The Demands of Video Conferencing in the Military Will Improve Online Security for Us All

Demands of Video Conferencing in the Military Will Improve Online Security

They sit around the same sort of conference tables as you do, run their meetings in much the same way you do, and communicate with each other using the same video conferencing provider you do.

What’s different about these people, the leaders of the NATO military alliance, is they do all these things with just a little more precision, security, and urgency than you do. And with members spread across 29 countries, two continents, and divided by an ocean, everything is a little more complex.

At the heart of the matter though, these peacekeepers and armed deterrents are using the same principles you employ in running your business over a digital network. Theirs is just a little more evolved than yours. But with commercial video conferencing vendors refining their ability to serve demanding military needs, it’s only a matter of time before video conferencing in the military helps bring everyone simple, high-security video calling.

Video Conferencing in the Military: NATO’s New Tech

When NATO, the strategic military alliance between North American and European governments, moved into its new purpose-built headquarters in Brussels last year, its leading lights were presented with brand new, state-of-the-art video conferencing facilities. It may seem a little domestic, a little workaday, to think men and women charged with protecting hundreds of millions of people would be interested in a few new webcams, but digital communication is of critical importance to the military and to organizations like NATO, and video calling is the most direct way of delivering any message.

That shiny new video calling equipment was supplied by Polycom, which held more than 20% of the world’s $16 billion video conferencing market in 2016. You don’t earn that big a market share without finding your way into a lot of corporate boardrooms. In fact, the new NATO system is derived from the highly influential Polycom RealPresence range of systems that we at VC Daily have ourselves praised for their innovative technologies.

The version Polycom built for NATO, however, has more than a few upgrades over its civilian cousin.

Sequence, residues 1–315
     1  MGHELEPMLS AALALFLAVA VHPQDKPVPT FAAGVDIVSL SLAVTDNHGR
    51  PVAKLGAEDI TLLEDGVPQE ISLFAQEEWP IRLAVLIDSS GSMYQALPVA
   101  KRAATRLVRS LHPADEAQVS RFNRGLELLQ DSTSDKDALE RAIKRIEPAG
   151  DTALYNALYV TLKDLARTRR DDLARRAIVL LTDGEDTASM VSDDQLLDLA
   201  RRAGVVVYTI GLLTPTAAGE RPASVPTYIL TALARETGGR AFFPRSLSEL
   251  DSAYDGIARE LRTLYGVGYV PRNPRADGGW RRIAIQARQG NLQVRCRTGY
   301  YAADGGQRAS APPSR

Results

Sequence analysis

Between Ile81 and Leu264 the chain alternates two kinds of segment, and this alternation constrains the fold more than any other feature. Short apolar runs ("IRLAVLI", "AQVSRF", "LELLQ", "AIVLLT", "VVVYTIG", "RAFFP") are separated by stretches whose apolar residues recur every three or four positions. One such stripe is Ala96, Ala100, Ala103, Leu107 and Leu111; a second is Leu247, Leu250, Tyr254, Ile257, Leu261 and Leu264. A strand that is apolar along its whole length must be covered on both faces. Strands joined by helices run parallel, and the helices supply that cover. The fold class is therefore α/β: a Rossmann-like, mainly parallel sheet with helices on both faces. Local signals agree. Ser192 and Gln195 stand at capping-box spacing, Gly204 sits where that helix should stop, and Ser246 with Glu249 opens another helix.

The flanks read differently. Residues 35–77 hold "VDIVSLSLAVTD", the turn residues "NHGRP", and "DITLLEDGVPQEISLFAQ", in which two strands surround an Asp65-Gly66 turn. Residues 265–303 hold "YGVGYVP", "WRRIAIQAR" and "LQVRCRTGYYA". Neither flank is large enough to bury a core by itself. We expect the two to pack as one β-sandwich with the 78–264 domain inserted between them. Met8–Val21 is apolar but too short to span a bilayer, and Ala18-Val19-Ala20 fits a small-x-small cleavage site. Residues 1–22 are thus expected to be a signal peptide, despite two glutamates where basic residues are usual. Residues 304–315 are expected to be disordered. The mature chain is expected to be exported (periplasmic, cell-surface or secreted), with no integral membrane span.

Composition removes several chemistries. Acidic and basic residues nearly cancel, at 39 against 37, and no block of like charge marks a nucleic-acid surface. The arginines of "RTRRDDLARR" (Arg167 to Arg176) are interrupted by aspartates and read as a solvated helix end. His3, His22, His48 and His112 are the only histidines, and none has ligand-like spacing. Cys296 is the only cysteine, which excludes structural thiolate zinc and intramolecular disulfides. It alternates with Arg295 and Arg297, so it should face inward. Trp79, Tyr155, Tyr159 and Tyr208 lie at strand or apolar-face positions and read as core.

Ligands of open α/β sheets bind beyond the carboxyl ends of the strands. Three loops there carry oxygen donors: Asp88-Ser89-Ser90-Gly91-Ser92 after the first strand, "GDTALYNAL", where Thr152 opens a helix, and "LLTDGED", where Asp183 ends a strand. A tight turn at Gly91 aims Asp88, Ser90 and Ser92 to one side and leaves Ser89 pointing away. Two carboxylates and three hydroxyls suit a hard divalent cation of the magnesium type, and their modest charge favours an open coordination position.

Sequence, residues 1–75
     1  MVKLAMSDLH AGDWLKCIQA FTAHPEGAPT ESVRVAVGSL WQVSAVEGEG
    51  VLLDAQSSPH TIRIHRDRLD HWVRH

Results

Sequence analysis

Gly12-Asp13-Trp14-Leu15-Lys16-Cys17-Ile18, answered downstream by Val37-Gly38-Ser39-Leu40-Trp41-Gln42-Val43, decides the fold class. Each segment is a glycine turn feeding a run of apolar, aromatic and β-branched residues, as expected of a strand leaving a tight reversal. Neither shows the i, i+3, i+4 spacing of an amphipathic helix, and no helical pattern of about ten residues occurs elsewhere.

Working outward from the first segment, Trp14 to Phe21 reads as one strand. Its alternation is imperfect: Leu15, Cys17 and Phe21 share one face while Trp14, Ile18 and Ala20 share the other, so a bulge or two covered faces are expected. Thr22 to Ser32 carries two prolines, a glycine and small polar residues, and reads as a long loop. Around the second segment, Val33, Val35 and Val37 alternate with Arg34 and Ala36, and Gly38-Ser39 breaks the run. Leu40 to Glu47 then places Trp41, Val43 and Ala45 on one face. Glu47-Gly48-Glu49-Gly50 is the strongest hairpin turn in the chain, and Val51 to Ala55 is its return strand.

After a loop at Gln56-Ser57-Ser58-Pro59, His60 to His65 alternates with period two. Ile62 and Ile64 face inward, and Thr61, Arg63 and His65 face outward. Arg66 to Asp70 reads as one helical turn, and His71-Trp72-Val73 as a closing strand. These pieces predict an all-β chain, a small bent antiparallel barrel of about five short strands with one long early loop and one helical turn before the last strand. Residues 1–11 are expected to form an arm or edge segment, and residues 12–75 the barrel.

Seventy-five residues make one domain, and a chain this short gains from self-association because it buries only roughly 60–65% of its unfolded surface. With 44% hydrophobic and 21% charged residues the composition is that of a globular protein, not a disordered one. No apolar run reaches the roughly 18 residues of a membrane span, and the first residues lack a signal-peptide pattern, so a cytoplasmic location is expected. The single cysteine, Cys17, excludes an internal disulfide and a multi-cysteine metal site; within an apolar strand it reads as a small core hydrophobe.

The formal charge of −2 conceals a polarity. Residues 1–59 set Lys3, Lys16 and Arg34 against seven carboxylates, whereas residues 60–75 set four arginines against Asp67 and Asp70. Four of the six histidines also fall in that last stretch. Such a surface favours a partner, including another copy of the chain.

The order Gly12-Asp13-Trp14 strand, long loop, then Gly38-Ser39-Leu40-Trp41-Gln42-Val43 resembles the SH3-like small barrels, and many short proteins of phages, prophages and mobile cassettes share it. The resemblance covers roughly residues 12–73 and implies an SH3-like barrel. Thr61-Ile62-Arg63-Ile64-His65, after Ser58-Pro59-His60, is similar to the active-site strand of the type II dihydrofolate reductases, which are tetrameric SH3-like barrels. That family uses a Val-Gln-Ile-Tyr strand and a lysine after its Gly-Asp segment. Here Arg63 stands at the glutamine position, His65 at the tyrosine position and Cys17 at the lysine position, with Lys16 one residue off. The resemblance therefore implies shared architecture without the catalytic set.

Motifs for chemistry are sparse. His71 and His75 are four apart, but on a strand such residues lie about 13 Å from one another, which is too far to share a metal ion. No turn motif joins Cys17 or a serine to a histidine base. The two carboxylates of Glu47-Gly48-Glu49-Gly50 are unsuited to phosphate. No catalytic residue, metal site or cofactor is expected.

Polycom RealPresence Centro

To be specific, NATO is now the proud owner of a series of RealPresence Centro stations. These four-sided touchscreen units, with 360-degree pictures provided by a rising periscope camera, are designed to be sat around, not in front of. They encourage circular meeting setups, where each in-room video caller can see both their colleague across the table and the colleagues on screen simultaneously.

The unique design looks like a winner, but with a price tag of up to $49,000 per unit, they are strictly for the very high end of the commercial market. Even that level of sophistication isn’t enough for the military, however. Polycom had to rebuild its security capabilities to meet the standards of NATO’s closed internal connections and the requirements of three separate network classifications. What is more, Polycom had to meet those ultra-high standards across desktop and mobile devices.

And, remember, that’s just the demands for the new headquarters–this system will eventually roll out across the infrastructure of all member nations. Seeing as the military must have a quick response mechanism as well, there’s a need to supply ever-ready systems that can be intuitively used without requiring set-up time or the help of an IT team. That’s a huge network, requesting instant connections under the strictest security standards–what a perfect place for a vendor like Polycom to learn some tricks it can pass on to the rest of us.

Video Conferencing Security

Like internet transactions of all kinds, video conferencing comes with inherent security concerns. All of the information sent over the web is broken down into the very basic language of binary, that infinite chain of ones and zeros.

The common language of computers makes digital information prone to interception. In the case of video conferencing, to ensure privacy information must be protected at the points it is sent and received, during transit, and in storage.

It is a necessity video calling providers are increasingly acting upon. Skype recently announced a planned upgrade implementing end-to-end encryption for its messaging and audio services, and given that video chat is Skype’s specialty, surely video will get a security boost soon as well. Symphony video conferencing is using its Wall Street security expertise to try to hone in on Slack’s workplace collaboration market, and, most promisingly, Chinese engineers have been testing unhackable, quantum-level security for video calls. Then there is the continuing rise of biometric security based on webcam facial recognition in commercially available devices such as the Logitech Brio.

So, what’s next? What has Polycom learned from its dealings with NATO that we’ll soon see implemented in our workplace webcams and systems? How did they pass all those security tests?

When will we get military-grade security for sensitive, critical business meetings?

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